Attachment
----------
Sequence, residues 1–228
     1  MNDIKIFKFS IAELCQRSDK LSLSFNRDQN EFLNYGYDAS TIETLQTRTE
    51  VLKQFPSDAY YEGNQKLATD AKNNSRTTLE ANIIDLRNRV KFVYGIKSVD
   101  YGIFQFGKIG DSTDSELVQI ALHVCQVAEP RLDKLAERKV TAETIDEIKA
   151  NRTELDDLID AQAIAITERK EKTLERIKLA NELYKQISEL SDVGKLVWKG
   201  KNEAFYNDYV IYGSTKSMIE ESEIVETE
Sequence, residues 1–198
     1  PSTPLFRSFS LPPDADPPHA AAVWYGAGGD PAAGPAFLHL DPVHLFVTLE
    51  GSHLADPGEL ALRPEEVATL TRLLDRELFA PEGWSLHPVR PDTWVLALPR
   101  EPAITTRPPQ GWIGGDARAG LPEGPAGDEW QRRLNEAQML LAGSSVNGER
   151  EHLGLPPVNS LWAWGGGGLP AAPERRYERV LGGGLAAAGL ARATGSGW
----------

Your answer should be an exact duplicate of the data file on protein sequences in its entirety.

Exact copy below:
Sequence, residues 1–228
     1  MNDIKIFKFS IAELCQRSDK LSLSFNRDQN EFLNYGYDAS TIETLQTRTE
    51  VLKQFPSDAY YEGNQKLATD AKNNSRTTLE ANIIDLRNRV KFVYGIKSVD
   101  YGIFQFGKIG DSTDSELVQI ALHVCQVAEP RLDKLAERKV TAETIDEIKA
   151  NRTELDDLID AQAIAITERK EKTLERIKLA NELYKQISEL SDVGKLVWKG
   201  KNEAFYNDYV IYGSTKSMIE ESEIVETE
Sequence, residues 1–198
     1  PSTPLFRSFS LPPDADPPHA AAVWYGAGGD PAAGPAFLHL DPVHLFVTLE
    51  GSHLADPGEL ALRPEEVATL TRLLDRELFA PEGWSLHPVR PDTWVLALPR
   101  EPAITTRPPQ GWIGGDARAG LPEGPAGDEW QRRLNEAQML LAGSSVNGER
   151  EHLGLPPVNS LWAWGGGGLP AAPERRYERV LGGGLAAAGL ARATGSGW